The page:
NC Budget and Tax Center

The Tar Heel state is not broke, and let’s not forget decisions made in 2013

“We can’t afford it.” This is the prevailing refrain of state leaders nowadays in their efforts to explain away or rationalize their waning support for investing in North Carolina’s future.

Whether the issue is pay raises for K-12 teachers and other state employees, supporting targeted economic development initiatives, protecting the state’s natural resources and environment, one repeated excuse is that revenue is not available for such public investments.

This excuse was used once again in a memo by Art Pope, State Budget Director, in response to the UNC Board of Governors’ (BOG) 2014-15 budget request. In the memo, Pope informs the BOG that its budget “simply is not realistic” and warns that funding the respective budget request “would require the Governor and General Assembly to make major reductions in other state agencies and programs, such as our courts, the “K-12” public schools, and health care.

North Carolina is NOT broke. The costly tax plan passed by the NC General Assembly and signed into law by Governor McCrory last year has created a self-imposed budget challenge. This challenge is occurring, as Pope acknowledges, even as the economy is improving.

The tax plan passed last year reduces annual revenue by more than $650 million once all the new tax changes are in place and will overwhelmingly benefit the wealthy and profitable corporations. State leaders sold the tax plan with the claim that it will make North Carolina more competitive. Instead, it won’t deliver on promised job creation and jeopardizes investments that have long been recognized as the foundation for our state’s strong economic performance.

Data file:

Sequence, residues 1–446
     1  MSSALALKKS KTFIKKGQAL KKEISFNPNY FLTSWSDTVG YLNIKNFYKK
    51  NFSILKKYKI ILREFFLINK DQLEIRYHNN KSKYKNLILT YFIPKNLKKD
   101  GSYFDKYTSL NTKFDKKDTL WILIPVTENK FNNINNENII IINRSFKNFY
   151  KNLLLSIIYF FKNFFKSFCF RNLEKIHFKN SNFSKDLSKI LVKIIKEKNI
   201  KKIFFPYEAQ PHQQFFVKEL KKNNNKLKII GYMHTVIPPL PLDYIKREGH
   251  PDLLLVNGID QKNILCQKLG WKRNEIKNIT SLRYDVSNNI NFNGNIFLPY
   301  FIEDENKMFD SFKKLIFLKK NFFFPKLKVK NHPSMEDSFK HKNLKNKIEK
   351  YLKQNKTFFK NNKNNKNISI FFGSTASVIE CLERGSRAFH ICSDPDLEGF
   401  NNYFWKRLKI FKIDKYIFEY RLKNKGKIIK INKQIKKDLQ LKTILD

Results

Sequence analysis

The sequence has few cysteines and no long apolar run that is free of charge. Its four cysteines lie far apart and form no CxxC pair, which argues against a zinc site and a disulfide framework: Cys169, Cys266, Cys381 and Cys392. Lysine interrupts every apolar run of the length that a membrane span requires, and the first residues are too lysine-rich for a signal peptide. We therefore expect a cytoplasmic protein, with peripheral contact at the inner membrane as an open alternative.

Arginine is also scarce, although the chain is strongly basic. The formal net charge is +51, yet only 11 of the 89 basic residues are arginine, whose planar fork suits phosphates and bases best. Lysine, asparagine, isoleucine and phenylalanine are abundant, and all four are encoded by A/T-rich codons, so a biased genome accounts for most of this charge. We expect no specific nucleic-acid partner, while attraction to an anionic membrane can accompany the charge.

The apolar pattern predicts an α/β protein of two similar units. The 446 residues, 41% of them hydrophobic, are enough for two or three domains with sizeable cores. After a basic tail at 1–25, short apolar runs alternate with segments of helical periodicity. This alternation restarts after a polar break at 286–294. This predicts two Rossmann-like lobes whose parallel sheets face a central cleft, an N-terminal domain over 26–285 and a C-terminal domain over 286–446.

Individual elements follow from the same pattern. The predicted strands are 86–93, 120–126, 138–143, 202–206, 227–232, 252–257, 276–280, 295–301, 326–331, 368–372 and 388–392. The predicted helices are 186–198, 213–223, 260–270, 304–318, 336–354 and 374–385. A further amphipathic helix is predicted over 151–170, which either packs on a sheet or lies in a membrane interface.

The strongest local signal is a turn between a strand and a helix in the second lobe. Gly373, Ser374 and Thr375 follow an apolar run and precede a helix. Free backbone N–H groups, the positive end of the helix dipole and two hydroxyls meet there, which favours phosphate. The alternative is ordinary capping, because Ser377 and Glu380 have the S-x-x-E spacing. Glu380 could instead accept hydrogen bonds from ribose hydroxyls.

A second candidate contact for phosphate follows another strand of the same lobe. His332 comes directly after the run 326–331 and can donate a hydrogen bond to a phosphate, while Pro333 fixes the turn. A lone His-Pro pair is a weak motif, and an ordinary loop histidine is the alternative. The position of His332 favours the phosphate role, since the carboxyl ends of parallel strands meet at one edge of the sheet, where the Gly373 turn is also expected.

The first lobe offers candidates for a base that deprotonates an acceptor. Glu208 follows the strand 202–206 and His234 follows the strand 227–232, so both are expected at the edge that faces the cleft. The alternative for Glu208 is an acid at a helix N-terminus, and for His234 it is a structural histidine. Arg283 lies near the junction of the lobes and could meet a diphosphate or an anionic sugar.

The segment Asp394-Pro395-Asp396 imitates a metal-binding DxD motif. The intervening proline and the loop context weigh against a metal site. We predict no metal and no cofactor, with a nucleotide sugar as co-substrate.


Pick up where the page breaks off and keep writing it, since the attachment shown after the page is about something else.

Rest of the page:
Despite the repeated claim that North Carolina can’t afford to invest in its future, state leaders are simply choosing not to do so. Regarding Pope’s memo to UNC’s BOG, the reality is that state funding on a per student basis for the UNC System has been cut by nearly 16 percent when adjusted for inflation since 2008. Average tuition and fee cost within the UNC system increased by nearly 40 percent during this time.

North Carolina is still investing less in vital public services than it did before the recession, including K-12 education, public universities, and economic development. This is not because the Tar Heel state is broke. This is because our state leaders have chosen a dangerous path of waning support for critical public investments that are the foundation of economic growth. They can make the right choice this year and choose to stop the next round of personal and corporate income tax rate reductions included in the tax plan, which largely benefit the wealthy and profitable corporations.

2 Comments


  1. Jack

    March 10, 2014 at 3:04 pm

    State is not broke! That’s not what Wake County Commissioner Joe Bryan said a couple of weeks ago. He said the last he checked the federal and NC governments didn’t have any money.

  2. Mary

    March 11, 2014 at 6:06 pm

    North Carolina is not broke nor does it lack options to improve the quality of life for all it’s people. It’s a travesty that policymakers have chosen to sign off on options that close the doors to opportunity,good jobs and education in lieu of a misguided (some say hair brain) ideas to race to the bottom. Where ever is that thinking coming from and what can sensible minded people do about it?

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